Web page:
When the army for the disastrous campaign of 1i91 against the Indians was collected at Cincinnati, it was found that the money appropriated for the purpose was not sufficient to properly equip it. James O'Harra was quartermaster-general of the army, and was a man of abundant means. St. Clair obligated himself to repay O'Harra if the latter would furnish the necessary money so that the army could move on, and it was accordingly furnished. Later, when St. Clair presented this bill to the treasury, he was told that there was no money appropriated to pay bills in excess of the original amount provided for the expedition. All successive efforts to secure an appropriation were fruitless. St. Clair had given his bond to O'Harra on the express promise of the Secretary of the Treasury that it would be repaid with interest. It probably would have been had Alexander Hamilton remained in office. The face of the bond was $7,042. It was never paid to St. Clair, not one cent of it. Suit was brought be James O'Harra in the Westmoreland courts, and St. Clair. not wanting to contest its payment or validity, came into court and confessed judgment in favor of O'Harra for $10,632.17. that being the debt and interest. Executions on this judgment were issued from time to time, and finally all of his property was sold from him. The sale could not have taken place at a -worse time for St. Clair, for it was sold when the embargo had driven all the money out of the country. Property which had been valued at $50,000 was sold and did not bring more than the debt, interest and costs amounted to. The suit was brought by Hugh Ross as attorney for James O'Harra. Alexander Johnston was the sheriff of \Westmoreland when the property was sold. This was in i8o8. The tract of land at Ligonier, including the mansion house and the Hermitage furnace property, was sold for $4,000, though the furnace and the mill alone had rented for $3,000 per year. His creditors did not stop with selling his land but sold also all his personal property, except a few articles which he selected and which were exempt from sale. Among those selected was one bed and bedding, a few books from his classical library, and among them was his favorite Horace, whose classic beauty of verse he had long admired, and a bust of John Paul Jones, King of the Seas, presented to him and sent by Jones himself from Paris. This he prized very highly and kept till his death.
His claims before Congress were advocated by such men as Joseph Hopkinson. the eloquent John Sergeant, and by Henry Clay, the gifted leader from Kentucky. The Assembly of Pennsylvania pensioned him, and in 1817, a year before his death, increased it to fifty dollars per month. Congress the same year granted him sixty dollars per month and dated it back a year. There being no law to forbid it, this was attached by his creditors before it left the hands of the treasurer, and St. Clair never received one cent of it. Soon after the sale of his property lie was turned out of house and home. Daniel St. Clair, his son, owned a tract of land on the Chestnut Ridge, above the Four Mile Run, and to this the old man and his family removed. Broken with the storms of more than three score years and ten, saddened by the memories of the past, and denied Thy ingratitude what was justly due him from his state and nation, he quietly o awaited the last roll call. By this time, too, his wife, formerly the accomplished Phoebe Bayard, of Boston, had become weakened in intellect and was the additional care of his old age. To secure bread for his family he entertained travelers, though his house was but little more than a four roomed log cabin. On January 24, 1814, he was granted a tavern license by the Westmoreland court.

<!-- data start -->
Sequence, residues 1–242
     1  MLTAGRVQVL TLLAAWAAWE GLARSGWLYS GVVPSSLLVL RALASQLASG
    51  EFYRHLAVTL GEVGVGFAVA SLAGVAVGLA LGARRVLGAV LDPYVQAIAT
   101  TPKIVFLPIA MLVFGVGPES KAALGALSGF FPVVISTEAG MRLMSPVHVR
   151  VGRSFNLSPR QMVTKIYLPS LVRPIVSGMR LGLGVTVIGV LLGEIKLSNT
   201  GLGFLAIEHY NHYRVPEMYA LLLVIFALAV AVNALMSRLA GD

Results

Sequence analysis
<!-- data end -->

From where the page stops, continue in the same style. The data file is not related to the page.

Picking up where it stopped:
To a truly altruistic man like St. Clair, who had really given of his abundance with a profligate hand to the weak and destitute, poverty, rather than a disgrace, was a bright and shining crown of glory which now only adds to his .greatness. No one who was capable of appreciating true worth ever came in contact with him, even when in poverty, who did not recognize at once the presence of a statesman, a soldier from head to foot, a scholar in the broadest sense of the term, and a patriot pure and simple. Read his letter to the ladies of Yew York who, hearing of his needs, sent him a present of four hundred dollars, and compare it with our best English letters. We can only quote a few sentences:
"To soothe affliction is certainly a happy privilege, and is the appropriate privilege of the fair sex. And although I feel all I can feel for the relief brought to myself, their attention to my daughters touches me most. Had I not met with distress I should not have, perhaps, known their worth. Though all their prospects in life (and they were once very flattering) have been blasted, not a sigh, not a murmur, has been allowed to escape them in my presence, and all their plans have been directed to rendering my reverses less affecting to me; and yet I can truly testify that it is entirely on their account that my situation ever gave me a moment's pain."